How to write romance fiction – or, “Come and Have a Go if You Think it’s Hard Enough…”

SHE TO HIM

by Robert Graves

To have it, sweetheart, is to know you have it

Rather than think you have it;

To think you have it is a wish to take it –

Though afterwards you will not have it –

And thus a fear to take it.

Yet if you know you have it, you may take it

And know that you still have it.

Robert Graves, who wrote the most terrifying Emo-Gothic love poems, somehow nailed it with this short one above. It summarises the bonding and commitment, trust and faith that true love between soul-mates brings, which so many of the human race are still pursuing.

Another couplet of Graves’ at the end of the poem The Finding of Love, “With end to grief, With joy in steadfastness” illustrates how humanity as a whole – not just readers and writers – endlessly seek the comfort and escapism of a ‘happy ever after’.

If it evades us in reality, magical words on the page, perfect words read aloud, and words of everlasting love, whether spoken or sung, are summoned to feed our empty unrequited souls. Grief is what we experience when love is unattainable or impossible, even if we’ve never experienced it first-hand. It’s one of the universal experiences that as a human we can feel or sense is an entitlement, and although some of us have similarly strong feelings about obtaining success, money, fame and other artificial achievements created by humankind, love remains the most mysterious and elusive to pin down.

All the best Hollywood blockbusters rely on it. Blockbuster novels rely on it. Whether it’s romantic love, family love, love of pets, childhood love of toys, love of friends, love of country, love of one’s own faith, love of knowledge, love of art – love is the glue that sticks eyes to the screen or page. Even when we think it’s not there, or think we’re enjoying an amazing story without all that slushy stuff, truly epic writing has a way of sneaking it past us. These writers know that the magic and mysteriousness of uncompromised ‘love’ is the true universal language of the narrative spirit.

Stories that pretend to depict emotionless lead characters often have a supporting act, somewhere (if not an outright sidekick), who is secretly, sympathetically, and irrationally in love with them, causing the audience to believe that this sociopath is not just coldly charismatic but also lovable, beneath their tough outer shell.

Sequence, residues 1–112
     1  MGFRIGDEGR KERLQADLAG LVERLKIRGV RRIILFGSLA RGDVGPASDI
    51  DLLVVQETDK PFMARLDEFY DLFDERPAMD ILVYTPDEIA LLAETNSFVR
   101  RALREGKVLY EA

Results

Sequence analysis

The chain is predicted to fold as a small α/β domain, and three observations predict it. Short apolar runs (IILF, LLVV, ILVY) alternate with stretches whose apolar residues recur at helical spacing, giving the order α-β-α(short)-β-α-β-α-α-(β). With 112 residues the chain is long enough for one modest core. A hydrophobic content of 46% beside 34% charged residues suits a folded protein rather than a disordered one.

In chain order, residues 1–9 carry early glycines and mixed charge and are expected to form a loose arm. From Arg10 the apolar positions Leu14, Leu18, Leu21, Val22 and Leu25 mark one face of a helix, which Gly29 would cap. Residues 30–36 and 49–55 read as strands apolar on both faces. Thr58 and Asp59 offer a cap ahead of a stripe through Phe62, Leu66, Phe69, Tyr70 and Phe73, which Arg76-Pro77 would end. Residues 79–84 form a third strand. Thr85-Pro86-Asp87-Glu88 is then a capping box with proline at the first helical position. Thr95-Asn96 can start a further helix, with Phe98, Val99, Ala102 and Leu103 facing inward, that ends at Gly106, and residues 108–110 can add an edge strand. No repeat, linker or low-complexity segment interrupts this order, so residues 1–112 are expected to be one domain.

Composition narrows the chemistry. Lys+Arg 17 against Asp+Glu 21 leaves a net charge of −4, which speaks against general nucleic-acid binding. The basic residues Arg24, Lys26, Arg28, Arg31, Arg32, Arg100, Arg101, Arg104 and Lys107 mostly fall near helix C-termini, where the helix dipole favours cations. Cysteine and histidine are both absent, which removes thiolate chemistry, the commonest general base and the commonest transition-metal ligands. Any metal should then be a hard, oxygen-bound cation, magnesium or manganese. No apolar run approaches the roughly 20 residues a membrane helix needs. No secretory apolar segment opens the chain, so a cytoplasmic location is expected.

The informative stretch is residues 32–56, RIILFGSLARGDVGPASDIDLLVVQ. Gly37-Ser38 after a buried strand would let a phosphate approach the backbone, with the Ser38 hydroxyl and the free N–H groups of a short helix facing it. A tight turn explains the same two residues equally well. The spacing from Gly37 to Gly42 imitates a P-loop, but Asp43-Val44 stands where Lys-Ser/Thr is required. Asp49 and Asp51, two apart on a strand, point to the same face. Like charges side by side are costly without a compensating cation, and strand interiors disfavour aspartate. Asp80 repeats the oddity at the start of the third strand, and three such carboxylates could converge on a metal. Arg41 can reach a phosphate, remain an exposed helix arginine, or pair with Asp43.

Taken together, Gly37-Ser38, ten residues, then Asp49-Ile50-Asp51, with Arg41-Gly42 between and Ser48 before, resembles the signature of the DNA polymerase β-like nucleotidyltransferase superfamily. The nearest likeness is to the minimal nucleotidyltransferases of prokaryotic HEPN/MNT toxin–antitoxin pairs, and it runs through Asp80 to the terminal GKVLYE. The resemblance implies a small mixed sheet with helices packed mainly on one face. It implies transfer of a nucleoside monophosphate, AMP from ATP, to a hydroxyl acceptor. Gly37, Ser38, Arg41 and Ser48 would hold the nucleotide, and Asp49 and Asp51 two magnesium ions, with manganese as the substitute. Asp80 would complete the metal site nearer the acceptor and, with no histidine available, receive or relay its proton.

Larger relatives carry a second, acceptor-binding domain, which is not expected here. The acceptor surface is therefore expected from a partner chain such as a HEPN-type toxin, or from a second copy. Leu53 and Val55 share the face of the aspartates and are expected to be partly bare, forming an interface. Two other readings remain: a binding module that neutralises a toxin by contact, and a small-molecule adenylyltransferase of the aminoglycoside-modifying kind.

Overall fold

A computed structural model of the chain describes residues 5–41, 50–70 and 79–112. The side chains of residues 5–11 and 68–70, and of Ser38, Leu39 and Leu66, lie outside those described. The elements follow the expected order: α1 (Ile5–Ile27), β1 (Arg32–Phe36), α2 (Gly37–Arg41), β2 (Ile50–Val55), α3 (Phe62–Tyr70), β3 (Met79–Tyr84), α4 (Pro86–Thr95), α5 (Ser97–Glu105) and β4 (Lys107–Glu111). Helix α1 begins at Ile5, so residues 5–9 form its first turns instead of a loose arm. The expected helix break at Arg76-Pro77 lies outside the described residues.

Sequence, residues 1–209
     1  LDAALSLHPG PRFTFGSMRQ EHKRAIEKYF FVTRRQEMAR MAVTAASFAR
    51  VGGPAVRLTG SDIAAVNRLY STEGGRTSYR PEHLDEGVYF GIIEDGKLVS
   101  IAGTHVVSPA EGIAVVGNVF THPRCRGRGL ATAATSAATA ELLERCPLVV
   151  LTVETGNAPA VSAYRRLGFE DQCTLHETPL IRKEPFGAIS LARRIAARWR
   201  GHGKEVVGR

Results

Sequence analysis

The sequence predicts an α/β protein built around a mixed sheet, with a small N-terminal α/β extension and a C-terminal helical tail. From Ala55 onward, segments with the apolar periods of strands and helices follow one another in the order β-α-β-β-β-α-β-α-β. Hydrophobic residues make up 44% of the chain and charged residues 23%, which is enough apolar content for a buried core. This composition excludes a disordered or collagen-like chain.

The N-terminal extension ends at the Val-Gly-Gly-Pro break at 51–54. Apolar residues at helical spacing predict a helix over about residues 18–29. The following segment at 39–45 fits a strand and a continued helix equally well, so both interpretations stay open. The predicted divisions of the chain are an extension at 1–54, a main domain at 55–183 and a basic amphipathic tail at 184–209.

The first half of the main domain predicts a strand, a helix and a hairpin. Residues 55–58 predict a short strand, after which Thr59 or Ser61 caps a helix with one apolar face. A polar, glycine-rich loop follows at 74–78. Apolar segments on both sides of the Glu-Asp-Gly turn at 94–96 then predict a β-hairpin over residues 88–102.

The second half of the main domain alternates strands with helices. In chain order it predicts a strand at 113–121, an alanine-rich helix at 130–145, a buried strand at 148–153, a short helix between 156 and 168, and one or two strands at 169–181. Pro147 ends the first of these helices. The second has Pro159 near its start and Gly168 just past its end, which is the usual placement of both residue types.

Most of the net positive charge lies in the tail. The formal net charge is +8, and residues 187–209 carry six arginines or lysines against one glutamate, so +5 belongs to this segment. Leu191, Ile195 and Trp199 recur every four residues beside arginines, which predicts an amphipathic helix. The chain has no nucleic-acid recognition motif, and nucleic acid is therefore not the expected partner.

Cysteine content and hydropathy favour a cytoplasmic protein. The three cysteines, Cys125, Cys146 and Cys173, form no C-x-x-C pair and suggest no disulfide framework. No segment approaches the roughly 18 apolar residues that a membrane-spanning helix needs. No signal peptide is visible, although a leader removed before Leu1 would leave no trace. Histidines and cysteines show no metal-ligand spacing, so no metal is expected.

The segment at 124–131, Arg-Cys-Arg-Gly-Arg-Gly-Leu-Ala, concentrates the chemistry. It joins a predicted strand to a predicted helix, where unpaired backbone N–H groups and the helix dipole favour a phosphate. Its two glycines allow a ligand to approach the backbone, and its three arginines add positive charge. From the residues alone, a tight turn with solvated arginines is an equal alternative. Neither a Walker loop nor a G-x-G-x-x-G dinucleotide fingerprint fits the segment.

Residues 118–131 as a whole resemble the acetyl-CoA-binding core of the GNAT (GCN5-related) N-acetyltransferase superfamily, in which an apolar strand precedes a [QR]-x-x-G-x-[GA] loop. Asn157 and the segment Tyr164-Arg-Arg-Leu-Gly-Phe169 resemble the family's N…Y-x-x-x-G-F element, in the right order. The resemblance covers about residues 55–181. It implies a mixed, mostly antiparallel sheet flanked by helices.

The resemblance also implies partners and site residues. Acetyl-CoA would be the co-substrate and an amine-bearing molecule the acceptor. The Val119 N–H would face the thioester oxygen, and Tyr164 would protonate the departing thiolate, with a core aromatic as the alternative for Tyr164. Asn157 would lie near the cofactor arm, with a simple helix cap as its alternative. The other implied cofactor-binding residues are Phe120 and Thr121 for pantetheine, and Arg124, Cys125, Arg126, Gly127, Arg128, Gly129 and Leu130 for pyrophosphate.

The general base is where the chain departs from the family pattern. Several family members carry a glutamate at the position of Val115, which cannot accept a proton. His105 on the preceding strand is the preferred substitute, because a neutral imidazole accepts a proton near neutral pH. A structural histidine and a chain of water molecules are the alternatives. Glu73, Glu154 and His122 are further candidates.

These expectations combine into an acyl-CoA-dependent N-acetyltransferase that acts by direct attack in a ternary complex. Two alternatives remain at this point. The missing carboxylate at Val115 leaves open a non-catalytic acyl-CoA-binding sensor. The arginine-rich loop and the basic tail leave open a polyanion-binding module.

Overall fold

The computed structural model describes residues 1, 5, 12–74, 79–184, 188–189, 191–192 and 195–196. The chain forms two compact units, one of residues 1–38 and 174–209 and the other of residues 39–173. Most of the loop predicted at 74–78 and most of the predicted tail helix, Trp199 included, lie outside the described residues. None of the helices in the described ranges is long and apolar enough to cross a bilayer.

We all want what that secondary character wants. Through their eyes, we think we can see through the icy armour too – even as the emotionally-dysfunctional protagonist denies it in as many words. The only emotions they can express are anger and frustration, usually at the sidekick’s insistence that they really are warm and fuzzy inside like a cashmere hot water-bottle cover, instead of being a calculating mess of grudges, hourly work rates, and logic.

If you take the love-struck idiot out of the story, er, I mean, the romance angle, viz, the infatuated sidekick/concerned neighbour/timid single parent (stereotypically new to job/town), you’re left with the Grumpy Old Psycho Codger – who was usually unmasked at the end of Scooby Doo.

So at least one of your characters has to be the manifestation of the most relatable human condition we are aware of.

By that, I don’t mean we introduce them asleep, or on the lavatory.

Imagine if going to the toilet was considered to be the universal narrative – no wonder artists and poets had to invent the concept of falling in love, so much more scope for plot in the complexities of relationships than in solitary bodily functions! Even DH Lawrence in Lady Chatterley’s Lover dissected this question. What if as much discourse in life and literature was dedicated to the analysis of lavatorial visits as it is to love and sex? Would over-attentiveness to any other simple necessity of life transform it into the vast, mysterious, lucrative, umm, intellectual and artistic industry that love and relationships are today?

(Looking at any comedy written in the 20th century, many people would say that scatological humour certainly had its heyday).

So we know that love and romance appears in various forms in most of what we consume. There may be different degrees of passion and wholesomeness, but it’s there, to tease, tantalise and inspire.

Even the most introverted, inexperienced desk-pilot like me will have the occasional rose-tinted steampunk-goggles moment, unexpectedly, in real life.

Those moments have to be treasured. One day I might have the need of a rose-tinted romantic analogy for my writing, in between toilet jokes, zombie anatomy, pop-culture psychology, and basic engineering mathematics and principles…

Barbara Cartland was the British doyenne of romantic literature in the mid-1900s. She was prolific, pink, frilly, the heroine of many real-life humanitarian campaigns in her lifetime (including fair wages for midwives and nurses, strangely enough an issue highlighted again today) – and perhaps economical in her writing practice. In her 1978 art history hardcover ‘Book of Love and Lovers’ focusing on art and its romantic subjects through the centuries, you can detect the skill she had in sparse, glossy (of the time), attention-grabbing, scandal-suggestive (but not explicit) prose – brief and to the point, rather like the gossip columnists of today’s celebrity magazines:

Napoleon: “On the night of the Coronation in the Tuileries, ablaze with thousands of lights, Napoleon dined alone with Josephine. He thought her crown ‘suited her so well’ that he made her wear it during dinner. Afterwards they went to bed.”

Napoleon, continued: “Eighteen, with slanting cat-eyes, Marie-Louise was more sensual than Josephine. On her wedding night, delighted with Napoleon’s love-making, she asked him to ‘do it again’. Impatient to have a son, he carried her off to bed before she reached Paris.”

I wonder if she knew she was pre-empting her own parodies?

Matt Lucas as Barbara Cartland in Little Britain

“Chapter One… The End.” Matt Lucas dictates as Barbara in ‘Little Britain’